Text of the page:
Rather than the wish, and wait, in your philosophy of education a good University challenges its members to explore, study, think, debate, experiment, challenge, question, structure and conclude clearly, concisely and consciously.

    Society is so much better today than 400 years ago because a small minority learned to think like this. Imagine what the World would be today if every University was turning out graduates of that quality.

    Peace.



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  • Macropus #2
    May 21, 2016 at 12:33 am

    I taught evolution to first-year undergraduates for many years and never saw acceptance of evolution by students as an “instructional goal”. I was more than happy if my teaching resulted in a demonstrated understanding of evolution and its processes, and my assessment of students was aimed at testing understanding, not acceptance.

    Science is a hands on practical subject which works in the real world. Tests are supposed to indicate competence in managing this.

    Perhaps we can get a clearer view if we apply your approach by applying it to driving instructors!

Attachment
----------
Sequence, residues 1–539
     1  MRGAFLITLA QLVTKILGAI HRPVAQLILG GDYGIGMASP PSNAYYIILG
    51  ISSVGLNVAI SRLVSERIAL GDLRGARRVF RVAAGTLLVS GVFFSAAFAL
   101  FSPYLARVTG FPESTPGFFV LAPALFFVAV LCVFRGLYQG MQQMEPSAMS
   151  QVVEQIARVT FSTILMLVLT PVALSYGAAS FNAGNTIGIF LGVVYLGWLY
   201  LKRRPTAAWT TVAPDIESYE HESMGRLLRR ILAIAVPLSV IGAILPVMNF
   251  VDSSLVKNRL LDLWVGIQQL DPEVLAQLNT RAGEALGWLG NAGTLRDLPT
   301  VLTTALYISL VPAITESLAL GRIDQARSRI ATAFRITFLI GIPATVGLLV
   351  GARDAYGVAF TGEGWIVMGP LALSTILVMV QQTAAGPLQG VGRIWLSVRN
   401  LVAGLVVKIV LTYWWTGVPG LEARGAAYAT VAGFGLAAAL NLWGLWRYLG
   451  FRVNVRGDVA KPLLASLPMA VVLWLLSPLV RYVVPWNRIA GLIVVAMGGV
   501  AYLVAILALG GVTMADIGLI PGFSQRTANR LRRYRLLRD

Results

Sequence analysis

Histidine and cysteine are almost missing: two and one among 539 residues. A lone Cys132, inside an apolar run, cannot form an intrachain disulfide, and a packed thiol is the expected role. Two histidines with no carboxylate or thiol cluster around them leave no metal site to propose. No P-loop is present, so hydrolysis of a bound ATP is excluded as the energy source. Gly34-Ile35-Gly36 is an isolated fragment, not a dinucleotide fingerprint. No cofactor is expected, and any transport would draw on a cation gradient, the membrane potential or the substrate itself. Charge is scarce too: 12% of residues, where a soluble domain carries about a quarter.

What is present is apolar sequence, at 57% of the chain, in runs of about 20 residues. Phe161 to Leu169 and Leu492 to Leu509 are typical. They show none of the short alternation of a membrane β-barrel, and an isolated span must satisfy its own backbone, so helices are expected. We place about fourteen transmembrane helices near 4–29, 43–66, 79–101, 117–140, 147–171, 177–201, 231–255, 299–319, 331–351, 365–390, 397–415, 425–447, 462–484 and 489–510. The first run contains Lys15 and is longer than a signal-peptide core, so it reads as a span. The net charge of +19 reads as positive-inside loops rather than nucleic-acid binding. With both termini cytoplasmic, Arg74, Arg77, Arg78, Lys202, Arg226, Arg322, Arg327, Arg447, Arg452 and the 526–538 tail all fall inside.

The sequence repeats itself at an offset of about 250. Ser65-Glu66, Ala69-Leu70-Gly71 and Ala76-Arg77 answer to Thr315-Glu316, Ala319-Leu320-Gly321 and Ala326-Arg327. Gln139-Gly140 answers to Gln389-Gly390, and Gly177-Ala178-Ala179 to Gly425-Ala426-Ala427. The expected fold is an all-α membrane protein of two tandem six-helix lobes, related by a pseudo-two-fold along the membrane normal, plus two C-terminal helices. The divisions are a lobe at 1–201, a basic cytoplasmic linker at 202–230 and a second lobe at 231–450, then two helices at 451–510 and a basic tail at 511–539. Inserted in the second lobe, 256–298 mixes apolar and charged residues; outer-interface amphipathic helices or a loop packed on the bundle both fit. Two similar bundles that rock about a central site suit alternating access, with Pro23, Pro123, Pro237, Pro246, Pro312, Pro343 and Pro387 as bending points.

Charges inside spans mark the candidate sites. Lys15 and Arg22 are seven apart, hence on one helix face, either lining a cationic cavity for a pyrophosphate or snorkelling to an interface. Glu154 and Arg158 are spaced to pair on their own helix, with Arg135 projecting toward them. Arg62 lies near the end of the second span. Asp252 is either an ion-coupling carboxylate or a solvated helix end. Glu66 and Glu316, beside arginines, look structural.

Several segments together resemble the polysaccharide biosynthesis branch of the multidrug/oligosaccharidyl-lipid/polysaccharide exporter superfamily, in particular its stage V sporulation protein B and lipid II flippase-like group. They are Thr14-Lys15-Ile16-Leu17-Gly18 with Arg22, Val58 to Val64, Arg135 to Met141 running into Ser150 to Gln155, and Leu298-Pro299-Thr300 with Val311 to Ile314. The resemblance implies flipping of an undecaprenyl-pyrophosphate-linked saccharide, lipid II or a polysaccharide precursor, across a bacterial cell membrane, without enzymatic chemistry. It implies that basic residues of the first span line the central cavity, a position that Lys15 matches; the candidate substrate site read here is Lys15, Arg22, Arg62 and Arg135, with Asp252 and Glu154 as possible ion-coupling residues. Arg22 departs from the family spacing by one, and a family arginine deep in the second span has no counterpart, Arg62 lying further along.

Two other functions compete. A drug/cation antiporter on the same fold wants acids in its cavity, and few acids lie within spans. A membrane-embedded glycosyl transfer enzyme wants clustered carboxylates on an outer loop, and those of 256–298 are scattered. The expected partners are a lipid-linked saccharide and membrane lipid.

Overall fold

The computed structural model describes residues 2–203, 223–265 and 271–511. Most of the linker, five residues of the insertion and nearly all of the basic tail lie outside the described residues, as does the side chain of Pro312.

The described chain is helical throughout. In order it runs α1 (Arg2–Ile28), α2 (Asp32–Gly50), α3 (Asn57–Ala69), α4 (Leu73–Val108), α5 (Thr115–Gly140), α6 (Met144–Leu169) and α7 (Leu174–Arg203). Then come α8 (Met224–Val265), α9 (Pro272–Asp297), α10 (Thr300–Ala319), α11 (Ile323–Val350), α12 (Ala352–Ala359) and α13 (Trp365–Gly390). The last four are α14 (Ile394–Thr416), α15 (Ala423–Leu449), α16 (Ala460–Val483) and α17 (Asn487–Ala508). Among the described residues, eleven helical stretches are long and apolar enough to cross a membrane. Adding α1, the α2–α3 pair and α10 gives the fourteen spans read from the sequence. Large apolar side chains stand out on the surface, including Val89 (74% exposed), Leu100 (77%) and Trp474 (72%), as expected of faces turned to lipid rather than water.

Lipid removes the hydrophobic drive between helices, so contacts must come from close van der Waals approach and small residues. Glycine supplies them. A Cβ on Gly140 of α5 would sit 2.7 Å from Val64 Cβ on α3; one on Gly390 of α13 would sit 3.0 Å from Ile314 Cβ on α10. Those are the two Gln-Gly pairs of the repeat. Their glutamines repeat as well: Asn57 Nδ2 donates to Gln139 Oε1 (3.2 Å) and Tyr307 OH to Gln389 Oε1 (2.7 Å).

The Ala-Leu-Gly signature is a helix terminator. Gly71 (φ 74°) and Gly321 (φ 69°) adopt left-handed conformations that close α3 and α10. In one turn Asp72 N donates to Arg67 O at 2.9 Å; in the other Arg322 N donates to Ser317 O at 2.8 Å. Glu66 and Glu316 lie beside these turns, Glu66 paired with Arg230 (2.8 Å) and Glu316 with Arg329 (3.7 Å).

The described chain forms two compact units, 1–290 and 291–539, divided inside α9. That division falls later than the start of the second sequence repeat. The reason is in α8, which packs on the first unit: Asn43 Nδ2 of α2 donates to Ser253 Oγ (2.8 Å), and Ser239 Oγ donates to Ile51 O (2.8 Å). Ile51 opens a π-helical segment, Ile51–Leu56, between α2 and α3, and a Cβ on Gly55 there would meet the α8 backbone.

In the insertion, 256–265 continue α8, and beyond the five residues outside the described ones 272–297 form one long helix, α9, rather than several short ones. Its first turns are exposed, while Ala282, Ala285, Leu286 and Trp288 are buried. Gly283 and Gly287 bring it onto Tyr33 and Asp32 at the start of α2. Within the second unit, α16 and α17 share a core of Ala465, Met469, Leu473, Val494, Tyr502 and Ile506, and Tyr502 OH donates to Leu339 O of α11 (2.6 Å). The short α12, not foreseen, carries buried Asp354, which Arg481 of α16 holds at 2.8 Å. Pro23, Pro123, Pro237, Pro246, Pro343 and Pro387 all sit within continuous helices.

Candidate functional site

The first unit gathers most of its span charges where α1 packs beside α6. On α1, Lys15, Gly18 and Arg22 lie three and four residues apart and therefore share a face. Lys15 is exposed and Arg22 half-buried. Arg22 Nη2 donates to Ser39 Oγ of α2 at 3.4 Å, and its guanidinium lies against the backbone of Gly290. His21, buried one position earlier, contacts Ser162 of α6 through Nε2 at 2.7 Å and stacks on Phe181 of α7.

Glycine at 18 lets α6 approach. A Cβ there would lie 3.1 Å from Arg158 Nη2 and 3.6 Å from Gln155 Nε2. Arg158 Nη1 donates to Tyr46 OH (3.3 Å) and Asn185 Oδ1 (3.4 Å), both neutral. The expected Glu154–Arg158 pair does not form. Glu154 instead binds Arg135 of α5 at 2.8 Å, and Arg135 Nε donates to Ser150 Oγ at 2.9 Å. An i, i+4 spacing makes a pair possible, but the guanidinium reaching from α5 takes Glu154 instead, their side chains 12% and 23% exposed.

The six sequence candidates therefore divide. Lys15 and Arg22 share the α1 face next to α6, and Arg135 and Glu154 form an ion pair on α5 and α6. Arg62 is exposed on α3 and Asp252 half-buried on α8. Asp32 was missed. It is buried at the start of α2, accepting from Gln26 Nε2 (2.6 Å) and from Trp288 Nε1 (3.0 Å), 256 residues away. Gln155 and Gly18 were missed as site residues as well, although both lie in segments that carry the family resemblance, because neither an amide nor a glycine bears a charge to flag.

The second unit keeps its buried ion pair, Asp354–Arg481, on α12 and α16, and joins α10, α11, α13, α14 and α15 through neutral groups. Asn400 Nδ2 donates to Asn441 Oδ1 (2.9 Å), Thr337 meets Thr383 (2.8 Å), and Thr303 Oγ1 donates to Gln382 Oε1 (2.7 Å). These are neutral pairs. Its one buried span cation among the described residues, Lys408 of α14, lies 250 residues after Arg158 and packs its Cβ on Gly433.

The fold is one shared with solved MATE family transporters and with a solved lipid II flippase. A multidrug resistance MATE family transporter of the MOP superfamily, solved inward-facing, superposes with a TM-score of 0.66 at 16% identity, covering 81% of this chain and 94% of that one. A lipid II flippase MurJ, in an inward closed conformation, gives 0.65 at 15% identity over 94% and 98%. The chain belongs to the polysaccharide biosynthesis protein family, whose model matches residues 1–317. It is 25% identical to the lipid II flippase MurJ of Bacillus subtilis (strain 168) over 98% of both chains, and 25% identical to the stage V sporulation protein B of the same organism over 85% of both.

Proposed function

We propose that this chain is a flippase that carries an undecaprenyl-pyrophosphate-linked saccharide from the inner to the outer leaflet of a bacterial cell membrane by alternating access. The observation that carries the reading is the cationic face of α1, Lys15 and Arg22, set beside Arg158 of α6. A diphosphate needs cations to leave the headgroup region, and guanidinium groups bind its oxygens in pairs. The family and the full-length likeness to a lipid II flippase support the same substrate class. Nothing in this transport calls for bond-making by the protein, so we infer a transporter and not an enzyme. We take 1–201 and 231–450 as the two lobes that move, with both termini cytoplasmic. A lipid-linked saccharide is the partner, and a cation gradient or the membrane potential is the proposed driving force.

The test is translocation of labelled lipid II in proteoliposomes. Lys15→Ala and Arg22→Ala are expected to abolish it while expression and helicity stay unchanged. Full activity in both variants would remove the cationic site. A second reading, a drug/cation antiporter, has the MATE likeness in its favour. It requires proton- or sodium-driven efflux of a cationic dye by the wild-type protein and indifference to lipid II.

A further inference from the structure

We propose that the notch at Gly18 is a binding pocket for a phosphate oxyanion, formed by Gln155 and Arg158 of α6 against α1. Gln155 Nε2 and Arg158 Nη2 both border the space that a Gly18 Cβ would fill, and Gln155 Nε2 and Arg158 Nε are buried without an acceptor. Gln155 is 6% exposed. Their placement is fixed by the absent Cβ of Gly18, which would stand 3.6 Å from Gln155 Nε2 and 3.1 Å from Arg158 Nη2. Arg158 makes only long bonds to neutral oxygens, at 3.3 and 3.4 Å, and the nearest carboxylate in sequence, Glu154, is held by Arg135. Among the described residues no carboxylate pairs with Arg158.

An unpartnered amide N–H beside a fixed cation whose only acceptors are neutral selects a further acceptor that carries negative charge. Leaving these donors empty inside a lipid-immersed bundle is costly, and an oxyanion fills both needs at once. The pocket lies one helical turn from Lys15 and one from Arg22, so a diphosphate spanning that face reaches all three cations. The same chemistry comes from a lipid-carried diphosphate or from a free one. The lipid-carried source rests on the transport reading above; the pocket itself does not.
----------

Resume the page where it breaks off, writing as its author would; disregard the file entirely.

Would we be happy if driving instructors were satisfied that their training resulted in a demonstrated understanding of the rules of the road (stopping at red lights, observing speed-limits and priorities at junctions etc.) along with its processes, for the purpose of qualifying on test: – but trainees then went on to drive in a manner they believed was OK (as learned on “Grand-Theft Auto” perhaps), prior to attending the learners’ training course?

    my assessment of students was aimed at testing understanding, not acceptance.

    I would expect acceptance of the rules of the road, proper vehicle maintenance and management, competent prediction and anticipation of traffic movements, with consideration and courtesy toward other motorists, and applied on an everyday basis, to be a key training element!

    This is the difference between “education for the practicalities of life”, and “teaching to the test”!



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  • Creationists would give their right arm for evidence this good of their case for a creator. The lesson here is about what is good evidence and what we can reliably say we know. Common descent, the DNA/genetic tree, copying thats not quite perfect that makes it perfect. You will never elsewhere meet facts of this interlocking quality. If this is in conflict with your religious sentiments then the work is to be done on the religious side. Religious folk do this all the time.